Artists: Large contingent of local artists.
On exhibit at NAS until 6th Oct
A strong field of artists have succeeded in endowing Newcastle Art Space with a strapping display for this year’s Newcastle Emerging Artist Prize. Works on paper, photography and painting have gathered a stimulating response; however sculpture seems under -represented.
The works on paper section includes a superbly drawn study by Sallyann Burton. Titled Head 1 Study for a Sculpture, continues the carved drawings of landscapes recently exhibited by Burton at NAS. Dividing each segment of the head into shaped planes is analytic in theory and stunning in execution. Jacquie McCoy acknowledges the humble banana with astounding realism again reiterating her expertise in printmaking. A small work by Jamee Speering captures the fatigue of public transport with line and precision. Other notable pieces include a folder containing paper sewn with thread in undulating rows and images pressed mysteriously onto a wire background.
Pleasure in not having the difficult decision of choosing a winner in photography testifies to the strength in this section. All seem worthy of merit though Tara Keher stands out with “Back of the Great Northern”. An eerie sense of dread is pervasive. Seen recently at Watt Space in the Australiana exhibition is Dylan Smyth’s blighted landscape “Untitled Landscape 1”.Kelly Barlin’s “Covered” is an impressive portrait with valid physicality. “Singularity” by Christine Bushell is haunting and ethereal. The ghostly portrayal of beauty is magnificent.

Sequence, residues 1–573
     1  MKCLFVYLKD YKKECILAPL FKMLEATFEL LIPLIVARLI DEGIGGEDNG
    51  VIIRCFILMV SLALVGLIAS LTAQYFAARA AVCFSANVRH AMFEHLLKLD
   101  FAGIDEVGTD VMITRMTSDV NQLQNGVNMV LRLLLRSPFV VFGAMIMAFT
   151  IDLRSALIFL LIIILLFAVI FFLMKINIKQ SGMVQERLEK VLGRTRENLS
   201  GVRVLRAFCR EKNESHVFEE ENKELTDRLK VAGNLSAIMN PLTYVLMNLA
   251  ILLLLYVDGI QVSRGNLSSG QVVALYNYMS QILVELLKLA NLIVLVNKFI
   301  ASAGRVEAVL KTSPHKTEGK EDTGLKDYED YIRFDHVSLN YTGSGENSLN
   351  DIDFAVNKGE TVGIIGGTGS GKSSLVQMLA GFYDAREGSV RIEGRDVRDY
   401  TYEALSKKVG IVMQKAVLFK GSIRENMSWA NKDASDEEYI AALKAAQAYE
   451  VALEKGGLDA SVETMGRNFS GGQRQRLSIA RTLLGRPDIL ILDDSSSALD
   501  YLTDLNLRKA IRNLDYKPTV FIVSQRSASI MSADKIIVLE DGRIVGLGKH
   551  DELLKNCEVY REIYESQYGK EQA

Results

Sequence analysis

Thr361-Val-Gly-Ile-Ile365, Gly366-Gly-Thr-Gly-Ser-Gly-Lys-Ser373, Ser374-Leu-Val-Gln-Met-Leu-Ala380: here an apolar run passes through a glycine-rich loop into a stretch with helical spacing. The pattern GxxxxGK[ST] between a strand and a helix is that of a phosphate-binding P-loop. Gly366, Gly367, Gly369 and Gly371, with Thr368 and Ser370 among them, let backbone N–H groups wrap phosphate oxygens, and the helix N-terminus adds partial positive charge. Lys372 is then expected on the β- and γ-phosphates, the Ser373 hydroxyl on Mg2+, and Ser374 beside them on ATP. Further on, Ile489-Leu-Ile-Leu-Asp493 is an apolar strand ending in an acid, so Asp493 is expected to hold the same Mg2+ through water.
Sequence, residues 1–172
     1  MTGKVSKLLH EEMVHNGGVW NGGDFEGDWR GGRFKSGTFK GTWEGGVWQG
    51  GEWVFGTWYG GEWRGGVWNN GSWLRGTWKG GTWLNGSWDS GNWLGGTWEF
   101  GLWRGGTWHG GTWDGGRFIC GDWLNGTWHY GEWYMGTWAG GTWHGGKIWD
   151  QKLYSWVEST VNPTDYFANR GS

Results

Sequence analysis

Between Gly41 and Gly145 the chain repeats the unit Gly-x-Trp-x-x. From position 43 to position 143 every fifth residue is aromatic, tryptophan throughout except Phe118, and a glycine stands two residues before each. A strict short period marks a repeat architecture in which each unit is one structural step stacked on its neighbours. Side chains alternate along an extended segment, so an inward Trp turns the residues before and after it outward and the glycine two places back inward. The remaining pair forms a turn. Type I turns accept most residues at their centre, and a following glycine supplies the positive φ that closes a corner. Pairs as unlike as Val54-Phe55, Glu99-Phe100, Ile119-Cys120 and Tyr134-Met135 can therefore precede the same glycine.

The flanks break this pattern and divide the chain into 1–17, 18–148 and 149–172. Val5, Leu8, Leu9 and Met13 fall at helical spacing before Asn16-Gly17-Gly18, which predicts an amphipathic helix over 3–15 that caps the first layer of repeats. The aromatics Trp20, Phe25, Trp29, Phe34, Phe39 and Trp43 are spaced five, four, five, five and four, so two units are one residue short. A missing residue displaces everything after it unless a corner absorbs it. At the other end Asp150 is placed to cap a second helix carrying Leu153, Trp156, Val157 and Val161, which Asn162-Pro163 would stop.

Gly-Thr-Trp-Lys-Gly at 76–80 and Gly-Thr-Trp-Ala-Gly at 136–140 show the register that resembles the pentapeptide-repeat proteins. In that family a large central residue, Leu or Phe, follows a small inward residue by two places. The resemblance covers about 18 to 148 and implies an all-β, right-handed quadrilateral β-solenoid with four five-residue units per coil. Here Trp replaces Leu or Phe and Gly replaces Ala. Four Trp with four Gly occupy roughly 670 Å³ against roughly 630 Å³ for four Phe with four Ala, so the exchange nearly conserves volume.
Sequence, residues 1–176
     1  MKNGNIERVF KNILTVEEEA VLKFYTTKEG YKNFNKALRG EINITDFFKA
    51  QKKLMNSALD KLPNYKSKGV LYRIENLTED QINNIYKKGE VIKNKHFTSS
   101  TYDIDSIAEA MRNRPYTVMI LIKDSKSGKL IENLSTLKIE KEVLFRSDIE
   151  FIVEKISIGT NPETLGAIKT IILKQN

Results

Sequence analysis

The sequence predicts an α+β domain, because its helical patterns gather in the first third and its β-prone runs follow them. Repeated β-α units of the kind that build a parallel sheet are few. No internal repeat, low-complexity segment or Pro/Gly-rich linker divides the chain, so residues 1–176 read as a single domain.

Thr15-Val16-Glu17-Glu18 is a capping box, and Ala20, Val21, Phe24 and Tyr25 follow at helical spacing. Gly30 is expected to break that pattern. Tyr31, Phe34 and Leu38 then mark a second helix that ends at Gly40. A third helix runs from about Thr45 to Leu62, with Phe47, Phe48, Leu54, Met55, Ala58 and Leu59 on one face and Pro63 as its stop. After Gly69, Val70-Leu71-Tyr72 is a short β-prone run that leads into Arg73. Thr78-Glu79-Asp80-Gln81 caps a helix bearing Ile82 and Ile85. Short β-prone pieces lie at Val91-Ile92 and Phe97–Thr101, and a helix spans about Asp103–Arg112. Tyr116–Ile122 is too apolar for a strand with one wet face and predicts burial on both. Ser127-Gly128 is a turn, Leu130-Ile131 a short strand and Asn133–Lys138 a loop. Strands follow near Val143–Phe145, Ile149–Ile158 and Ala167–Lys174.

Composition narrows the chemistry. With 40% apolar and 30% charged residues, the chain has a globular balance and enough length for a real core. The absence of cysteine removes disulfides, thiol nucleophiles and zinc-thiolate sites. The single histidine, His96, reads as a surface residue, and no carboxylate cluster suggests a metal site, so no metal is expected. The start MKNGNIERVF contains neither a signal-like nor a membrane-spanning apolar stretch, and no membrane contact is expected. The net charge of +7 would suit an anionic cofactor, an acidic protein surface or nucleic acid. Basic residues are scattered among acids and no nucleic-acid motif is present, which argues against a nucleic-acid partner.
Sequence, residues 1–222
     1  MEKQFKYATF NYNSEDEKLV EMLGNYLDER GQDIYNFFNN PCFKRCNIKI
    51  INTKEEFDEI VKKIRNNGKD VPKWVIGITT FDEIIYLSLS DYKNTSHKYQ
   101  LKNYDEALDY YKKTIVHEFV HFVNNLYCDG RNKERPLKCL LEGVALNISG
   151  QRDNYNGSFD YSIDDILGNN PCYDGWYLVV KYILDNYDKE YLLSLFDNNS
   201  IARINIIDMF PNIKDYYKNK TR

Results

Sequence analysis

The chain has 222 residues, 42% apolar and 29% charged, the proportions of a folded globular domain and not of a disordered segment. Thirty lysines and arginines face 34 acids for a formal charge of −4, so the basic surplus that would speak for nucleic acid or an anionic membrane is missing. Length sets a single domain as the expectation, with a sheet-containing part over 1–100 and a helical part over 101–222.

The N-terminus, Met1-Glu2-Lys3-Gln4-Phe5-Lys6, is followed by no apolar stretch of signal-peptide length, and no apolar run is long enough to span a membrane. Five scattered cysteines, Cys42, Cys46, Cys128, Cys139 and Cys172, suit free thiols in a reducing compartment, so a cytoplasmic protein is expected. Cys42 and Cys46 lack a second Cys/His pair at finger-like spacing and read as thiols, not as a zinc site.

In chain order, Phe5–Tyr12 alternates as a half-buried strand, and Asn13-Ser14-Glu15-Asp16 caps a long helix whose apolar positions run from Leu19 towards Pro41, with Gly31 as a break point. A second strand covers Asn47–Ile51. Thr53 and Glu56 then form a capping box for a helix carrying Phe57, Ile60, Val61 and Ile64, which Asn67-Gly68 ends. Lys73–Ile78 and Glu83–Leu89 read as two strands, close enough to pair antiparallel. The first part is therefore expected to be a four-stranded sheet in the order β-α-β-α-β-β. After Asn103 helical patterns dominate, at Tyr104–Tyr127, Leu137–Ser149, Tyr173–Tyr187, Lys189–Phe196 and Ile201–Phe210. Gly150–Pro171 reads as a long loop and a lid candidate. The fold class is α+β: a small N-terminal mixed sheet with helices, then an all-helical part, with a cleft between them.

A rabbit, a deer, a bird, a madcap doll and a wicker basket with an actual rose for a shower head. This is the sculpture section.
There are many en plein air painters represented in the exhibition all with their individual styles and determined brush strokes are aplenty demonstrating a technique embraced and encouraged by art schools. Debra Byrnes “Bungalow-Retro” indicates a casual looseness creating an easy appealing style. With dappled nuance Rachel Milne establishes a beautiful technique and composition in “Reunion”. The laconic vibe emanating from Fern York’s “Murray & Jono Moylan at Camp Boggabri” employs a resolute brush to great effect. Madeleine Cruise ignites the space with her vibrant abstract and Iain Gaynor’s pushes and stresses paint perfectly.
It is to be noted the winners have been announced. In writing this review it was my determined effort to keep myself blissfully unaware so I could write this without influence. There are many worthy recipients demonstrating Newcastle’s ability to nurture an artistic culture.